LumberJocks

splayed legs on kitchen table: which joint to use?

  • Advertise with us

« back to Designing Woodworking Projects forum

Forum topic by Mark posted 01-31-2014 05:36 PM 2907 views 0 times favorited 11 replies Add to Favorites Watch
View Mark's profile

Mark

9 posts in 1480 days


01-31-2014 05:36 PM

I want to build a kitchen table with splayed legs, but I don’t know what joint to use for joining the legs & aprons.

Here’s my design:

The aprons are about 4”, the splay angle is about 5°.

If it were straight-legged, mortise & tenon would work, but I’m worried that the splay will tend to pull M&T apart.
The two things I can think of to keep the tenons from pulling out are to peg them or dovetail them (so they would slide down into the mortise from the top of the leg). Pegging seems easier, but would it be strong enough?

Thoughts? Is there another approach I should be using? Are splayed legs on a kitchen table just a bad idea? Or is the splay angle so small that I don’t need to worry about it, and regular M&T will be fine?


11 replies so far

View CharlesA's profile

CharlesA

3019 posts in 1259 days


#1 posted 01-31-2014 05:39 PM

Corner Bracket?

-- "Man is the only animal which devours his own, for I can apply no milder term to the general prey of the rich on the poor." ~Thomas Jefferson

View bondogaposis's profile

bondogaposis

4024 posts in 1812 days


#2 posted 01-31-2014 07:14 PM

Are they splayed in two directions or just one? I can’t tell from the drawing. My feeling is that a M&T joint will be plenty adequate. If you’re worried about it, then draw bore the tenons. It will be critical to cut the angle the shoulders of the tenons accurately.

-- Bondo Gaposis

View Greg's profile

Greg

312 posts in 2334 days


#3 posted 01-31-2014 07:20 PM

One old table trick is to just taper the legs on the two INSIDE edges below the apron. This gives it a look of tapered and splayed legs w/o making the joint process difficult. I have used this on some end table and a hall table I built. I always opt for Mortise & Tenon. If I am going to do it, I am going to do it RIGHT, so it lasts!

-- You don't have a custom made heirloom fly fishing Net? http://www.Sierra-Nets.com

View Texcaster's profile

Texcaster

1138 posts in 1135 days


#4 posted 01-31-2014 07:29 PM

Offset the tenon lengths and use 3/8 stub tenons as well. Thru tenons just to illustrate the offset.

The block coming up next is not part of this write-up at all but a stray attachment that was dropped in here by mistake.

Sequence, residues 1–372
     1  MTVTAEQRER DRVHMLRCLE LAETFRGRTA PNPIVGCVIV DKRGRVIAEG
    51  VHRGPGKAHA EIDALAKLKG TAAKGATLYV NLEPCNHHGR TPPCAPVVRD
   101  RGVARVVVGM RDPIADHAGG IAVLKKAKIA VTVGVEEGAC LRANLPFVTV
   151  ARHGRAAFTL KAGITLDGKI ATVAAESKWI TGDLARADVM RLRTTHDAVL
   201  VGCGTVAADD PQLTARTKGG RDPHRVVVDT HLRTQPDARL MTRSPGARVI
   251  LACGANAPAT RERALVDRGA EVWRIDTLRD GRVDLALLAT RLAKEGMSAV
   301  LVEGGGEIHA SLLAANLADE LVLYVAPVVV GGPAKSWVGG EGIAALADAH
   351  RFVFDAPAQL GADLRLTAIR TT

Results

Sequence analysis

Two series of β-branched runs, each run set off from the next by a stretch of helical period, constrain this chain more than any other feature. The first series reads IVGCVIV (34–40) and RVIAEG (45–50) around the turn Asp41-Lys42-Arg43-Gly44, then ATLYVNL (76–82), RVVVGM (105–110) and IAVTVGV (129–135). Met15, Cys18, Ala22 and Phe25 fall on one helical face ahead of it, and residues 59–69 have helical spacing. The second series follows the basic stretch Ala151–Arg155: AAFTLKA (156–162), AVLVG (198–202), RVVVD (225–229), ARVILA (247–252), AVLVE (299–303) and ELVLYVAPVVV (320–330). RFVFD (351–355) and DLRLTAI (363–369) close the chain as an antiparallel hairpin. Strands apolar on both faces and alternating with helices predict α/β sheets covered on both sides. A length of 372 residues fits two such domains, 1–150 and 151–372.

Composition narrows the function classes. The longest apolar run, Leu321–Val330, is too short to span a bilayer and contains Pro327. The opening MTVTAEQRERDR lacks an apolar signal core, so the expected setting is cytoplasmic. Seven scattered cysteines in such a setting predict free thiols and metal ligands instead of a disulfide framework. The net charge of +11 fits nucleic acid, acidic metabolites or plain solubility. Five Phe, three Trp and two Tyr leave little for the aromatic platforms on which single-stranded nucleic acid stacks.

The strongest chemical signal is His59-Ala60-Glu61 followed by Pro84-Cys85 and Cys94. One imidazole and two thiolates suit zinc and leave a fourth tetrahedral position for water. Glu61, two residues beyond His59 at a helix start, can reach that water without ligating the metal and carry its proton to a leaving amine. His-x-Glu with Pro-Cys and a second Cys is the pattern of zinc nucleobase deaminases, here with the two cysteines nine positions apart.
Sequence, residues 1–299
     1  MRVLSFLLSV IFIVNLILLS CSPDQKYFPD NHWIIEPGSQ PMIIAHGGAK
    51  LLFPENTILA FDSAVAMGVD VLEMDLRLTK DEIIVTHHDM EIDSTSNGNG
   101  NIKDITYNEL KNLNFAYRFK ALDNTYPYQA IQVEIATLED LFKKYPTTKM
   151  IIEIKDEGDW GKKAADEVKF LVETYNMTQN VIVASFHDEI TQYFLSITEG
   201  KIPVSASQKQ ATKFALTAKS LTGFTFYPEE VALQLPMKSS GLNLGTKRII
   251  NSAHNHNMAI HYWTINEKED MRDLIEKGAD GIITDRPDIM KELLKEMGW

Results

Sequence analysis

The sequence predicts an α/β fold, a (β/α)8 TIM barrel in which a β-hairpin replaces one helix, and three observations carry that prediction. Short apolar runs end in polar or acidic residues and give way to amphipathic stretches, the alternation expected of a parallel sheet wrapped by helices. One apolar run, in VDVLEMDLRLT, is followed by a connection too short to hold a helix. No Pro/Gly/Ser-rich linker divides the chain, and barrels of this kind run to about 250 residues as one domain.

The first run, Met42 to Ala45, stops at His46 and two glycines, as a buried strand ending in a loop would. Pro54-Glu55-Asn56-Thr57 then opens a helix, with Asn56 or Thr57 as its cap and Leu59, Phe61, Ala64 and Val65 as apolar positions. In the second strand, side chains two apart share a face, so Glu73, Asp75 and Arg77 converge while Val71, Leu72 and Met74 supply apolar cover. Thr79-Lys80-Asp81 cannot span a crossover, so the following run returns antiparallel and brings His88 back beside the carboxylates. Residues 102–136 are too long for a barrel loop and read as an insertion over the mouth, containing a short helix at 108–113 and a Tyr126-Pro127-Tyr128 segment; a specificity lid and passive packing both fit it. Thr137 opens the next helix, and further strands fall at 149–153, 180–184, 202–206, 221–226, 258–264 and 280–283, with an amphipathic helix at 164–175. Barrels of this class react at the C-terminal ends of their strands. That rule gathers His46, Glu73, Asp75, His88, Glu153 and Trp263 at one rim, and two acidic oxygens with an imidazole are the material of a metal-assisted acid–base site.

-- Mama calls me Texcaster but my real name is Mr. Earl.

View Mark's profile

Mark

9 posts in 1480 days


#5 posted 01-31-2014 08:38 PM

Charles, do they make brackets with splay? I’m not sure I could bend a normal vertical-leg bracket correctly to attach to a splayed leg.

Bondo, they are splayed in 2 directions. The bottom of the leg is directly below the corner of the top, while the top of the leg is inset 2.5” from each edge of the top. Top is 29” above the floor, so the leg/apron angle is 5°, while the leg itself is 7° off vertical.

Texcaster, that’s a good idea. So those tenons are haunched right? It doesn’t weaken the top of the leg too much?

View CharlesA's profile

CharlesA

3019 posts in 1259 days


#6 posted 01-31-2014 08:57 PM

I’m no expert, but I think you can use the above bracket or one like this from Rockler. You would just need to trim the leg and aprons to the appropriate angle. The rockler would be easier since you wouldn’t have to make those small grooves at an angle.

-- "Man is the only animal which devours his own, for I can apply no milder term to the general prey of the rich on the poor." ~Thomas Jefferson

View Texcaster's profile

Texcaster

1138 posts in 1135 days


#7 posted 01-31-2014 09:44 PM

One way to keep the geometry simple… make the taper after the joint area.

-- Mama calls me Texcaster but my real name is Mr. Earl.

View Mark's profile

Mark

9 posts in 1480 days


#8 posted 02-01-2014 07:19 PM

I made a couple test joints last night. One through-tenon, and one pegged tenon. Both turned out strong. The through-tenon one I could stand on and it didn’t break. I think that’ll be the way to go.

I’ll be sure to taper the legs on the inside to accentuate the visual splay effect.

Does anyone have suggestions on what wood to use for this project? I want a light wood, like maple, but as I’ll be cutting the joints with hand tools I’d rather not work in something has hard as maple. Is alder strong enough for a kitchen table?

View waho6o9's profile

waho6o9

7171 posts in 2038 days


#9 posted 02-01-2014 07:55 PM

http://en.wikipedia.org/wiki/Janka_hardness_test

Alder’s 590
maple's
1450

give or take.

Silver maple’s @700.

HTH

View Mark's profile

Mark

9 posts in 1480 days


#10 posted 02-01-2014 09:13 PM

is 590 too soft for a table, which might have to support a lot of weight?

View wseand's profile

wseand

2754 posts in 2503 days


#11 posted 02-01-2014 09:46 PM

You problem with alder is that it may scratch easier because it is soft not that it will fail structurally. I would say that M&T would hold up but if your worried go with deeper tenons or through tenons like suggested earlier

You have to consider if it is Cabinet grade, Frame grade, Knotty Alder. It doesn’t look like a large table how much weight are you talking about.

I have used Alder in bookshelves and tables and have not had a problem. I’ve seen it used for all kinds of projects, including entertainment centers.

-- Bill - "Freedom flies in your heart like an Eagle" Audie Murphy

Have your say...

You must be signed in to reply.

DISCLAIMER: Any posts on LJ are posted by individuals acting in their own right and do not necessarily reflect the views of LJ. LJ will not be held liable for the actions of any user.

Latest Projects | Latest Blog Entries | Latest Forum Topics

HomeRefurbers.com